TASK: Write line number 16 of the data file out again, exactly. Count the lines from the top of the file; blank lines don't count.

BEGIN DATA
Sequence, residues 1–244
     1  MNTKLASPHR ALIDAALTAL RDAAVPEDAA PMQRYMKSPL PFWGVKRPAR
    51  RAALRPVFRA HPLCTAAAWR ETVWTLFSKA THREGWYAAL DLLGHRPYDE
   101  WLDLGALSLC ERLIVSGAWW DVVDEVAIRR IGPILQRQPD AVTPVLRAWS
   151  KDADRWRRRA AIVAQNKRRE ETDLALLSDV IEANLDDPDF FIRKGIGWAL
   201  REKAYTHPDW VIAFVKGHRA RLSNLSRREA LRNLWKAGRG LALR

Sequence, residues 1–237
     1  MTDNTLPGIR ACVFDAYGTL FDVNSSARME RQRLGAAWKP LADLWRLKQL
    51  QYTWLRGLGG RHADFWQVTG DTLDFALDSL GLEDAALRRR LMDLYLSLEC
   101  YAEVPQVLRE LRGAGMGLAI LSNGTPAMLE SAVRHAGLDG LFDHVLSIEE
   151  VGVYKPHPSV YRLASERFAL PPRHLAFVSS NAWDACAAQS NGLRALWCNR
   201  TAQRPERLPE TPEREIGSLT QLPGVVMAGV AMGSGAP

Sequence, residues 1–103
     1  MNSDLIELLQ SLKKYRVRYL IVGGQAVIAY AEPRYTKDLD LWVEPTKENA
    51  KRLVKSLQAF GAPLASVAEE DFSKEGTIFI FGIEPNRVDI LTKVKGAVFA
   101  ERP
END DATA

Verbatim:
   101  ERP